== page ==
But what if our articular joints rely on boundary lubrication only as a failsafe mode. Or as a transitionary mode that is roughly equivalent to engine start up or shut off, were shaft spinning speed isn't sufficient to create hydrodynamic lubrication. What if instead of boundary lubrication, were wear is a problem, our articular joints are actually designed to take advantage of hydrostatic lubrication so that joints last longer?
How might out natural hip joints and other "provided at birth" articular joints adapt to the various stresses of use? More specifically, how would they deal with the changes in pressure that result from activity and changes in position?
Joint capsules can include ligament and tendon attachments.
Ligaments are generally considered to be passive structures. They only come into play, for instance, near the end range of a joints motion.
Jan Van der waals argues in one of his papers 7 that ligaments are, for the most part, active structures. What that means is that ligaments, just like tendons, are directly affected by muscle activity. So if a muscle activates, the tension it creates not only affects the relationship between bones, via tendons, it also affects the joint between bones, via ligaments.
His view is that tendons and ligaments are actually part of the same structure.
So how does this relate to hydrostatic lubrication? If changes in muscle tension can directly affect ligaments, it can mean that changes in muscle tension also directly affects joint capsules. And this offers a potential mechanism for pressurizing synovial fluid to achieve hydrostatic lubrication.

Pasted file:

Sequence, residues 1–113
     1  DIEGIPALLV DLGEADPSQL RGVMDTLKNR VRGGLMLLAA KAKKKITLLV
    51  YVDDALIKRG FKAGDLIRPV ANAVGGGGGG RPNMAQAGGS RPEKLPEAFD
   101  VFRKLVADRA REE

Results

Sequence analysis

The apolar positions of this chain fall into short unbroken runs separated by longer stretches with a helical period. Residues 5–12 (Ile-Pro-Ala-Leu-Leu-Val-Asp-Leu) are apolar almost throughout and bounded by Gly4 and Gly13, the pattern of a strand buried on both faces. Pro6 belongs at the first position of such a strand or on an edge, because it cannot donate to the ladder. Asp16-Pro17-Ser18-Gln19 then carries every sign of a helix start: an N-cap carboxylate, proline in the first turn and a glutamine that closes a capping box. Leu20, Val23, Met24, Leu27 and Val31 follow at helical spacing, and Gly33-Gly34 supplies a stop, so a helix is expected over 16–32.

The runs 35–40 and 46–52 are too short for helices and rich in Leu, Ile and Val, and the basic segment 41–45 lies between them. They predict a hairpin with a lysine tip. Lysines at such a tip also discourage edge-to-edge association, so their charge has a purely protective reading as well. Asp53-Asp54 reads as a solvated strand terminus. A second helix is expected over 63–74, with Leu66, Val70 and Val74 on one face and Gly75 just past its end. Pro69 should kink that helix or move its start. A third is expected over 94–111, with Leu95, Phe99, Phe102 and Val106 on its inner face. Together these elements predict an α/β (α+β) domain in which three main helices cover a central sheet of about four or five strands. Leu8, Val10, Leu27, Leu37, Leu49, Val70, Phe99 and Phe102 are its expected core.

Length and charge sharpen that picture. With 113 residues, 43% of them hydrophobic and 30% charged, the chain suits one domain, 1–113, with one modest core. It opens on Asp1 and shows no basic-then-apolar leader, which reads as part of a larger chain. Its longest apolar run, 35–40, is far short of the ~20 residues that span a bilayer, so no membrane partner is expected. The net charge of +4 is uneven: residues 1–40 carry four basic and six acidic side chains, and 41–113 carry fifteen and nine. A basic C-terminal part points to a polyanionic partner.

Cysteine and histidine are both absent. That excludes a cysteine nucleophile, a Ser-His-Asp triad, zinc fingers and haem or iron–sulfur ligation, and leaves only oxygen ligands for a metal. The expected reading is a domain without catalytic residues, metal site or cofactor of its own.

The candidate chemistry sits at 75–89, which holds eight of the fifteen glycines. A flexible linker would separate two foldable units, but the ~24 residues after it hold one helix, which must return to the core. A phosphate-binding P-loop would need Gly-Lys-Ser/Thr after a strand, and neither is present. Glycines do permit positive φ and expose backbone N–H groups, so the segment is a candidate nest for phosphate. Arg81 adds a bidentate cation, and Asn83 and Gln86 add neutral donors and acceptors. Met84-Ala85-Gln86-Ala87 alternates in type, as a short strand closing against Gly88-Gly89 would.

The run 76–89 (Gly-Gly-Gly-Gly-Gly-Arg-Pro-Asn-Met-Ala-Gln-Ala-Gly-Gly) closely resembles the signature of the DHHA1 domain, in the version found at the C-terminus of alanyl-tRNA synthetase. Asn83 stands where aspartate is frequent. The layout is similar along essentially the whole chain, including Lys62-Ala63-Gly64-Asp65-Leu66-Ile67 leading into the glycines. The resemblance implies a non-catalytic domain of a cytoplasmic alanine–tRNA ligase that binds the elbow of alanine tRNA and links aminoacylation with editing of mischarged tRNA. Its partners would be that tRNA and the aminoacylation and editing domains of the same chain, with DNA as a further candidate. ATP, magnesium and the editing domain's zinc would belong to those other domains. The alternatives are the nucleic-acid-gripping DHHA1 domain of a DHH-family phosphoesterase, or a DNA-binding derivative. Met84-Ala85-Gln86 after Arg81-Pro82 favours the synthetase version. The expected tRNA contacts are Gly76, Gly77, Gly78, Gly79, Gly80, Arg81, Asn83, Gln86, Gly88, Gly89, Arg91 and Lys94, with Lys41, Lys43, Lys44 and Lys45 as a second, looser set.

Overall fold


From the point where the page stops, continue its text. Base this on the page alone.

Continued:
Muscles are designed create force when they activate. They activate to either withstand forces and resist change or, or to create forces that produce change.
Muscles can act against each other across a joint to keep a joint stable or to move it in one direction or another.
Muscles can also act against the weight of the body or some external force in one direction or another.
In any case, the force generated by muscles not only affects the relationship of the bones is connects, it also directly affects the tension in the joint capsule that connects those bones (assuming the muscle in question is one that does have connections to that joint capsule). And if hydrostatic lubrication is the intended lubrication mechanism for synovial joints, then muscle tension can be used to affect joint capsule tension in such a way that articular joints are continually lubricated via hydrostatic lubrication as opposed to via boundary lubrication.
So instead of relying on speed as a hydroplaning car or rapidly spinning engine shaft does to create and maintain hydrodynamic lubrication, articular synovial joints could rely on variable tension joint capsules to maintain a layer of lubricating fluid between mating surfaces so that articular cartillage is subject to less wear.
It should be pointed out here that not all muscles may be directly involved in affecting joint capsule tension. However, the way that muscles are networked means that muscle tension in one muscle affects other muscles. So even if one muscle doesn't directly act on a joint capsule, it's activation can trigger a muscle that does so that hydrostatic lubrication is maintained.
With this understanding, its feasible that a failure of a hip joint is the result of muscle failure. If the muscles that work on the hip aren't doing the job of maintaining joint capsule tension, hydrostatic lubrication isn't achieved and boundary lubrication is relied on until articular cartillage wears out.
Once that mode of lubrication fails within an articular joint, bones will stick instead of slide relative to each other, and that means that portions of the joint capsule will be under excessive stress, possibly tearing over time. Then there is neither the option for boundary or hydrostatic lubrication because the piece of equipment designed to contain the lubricating fluid has ruptured.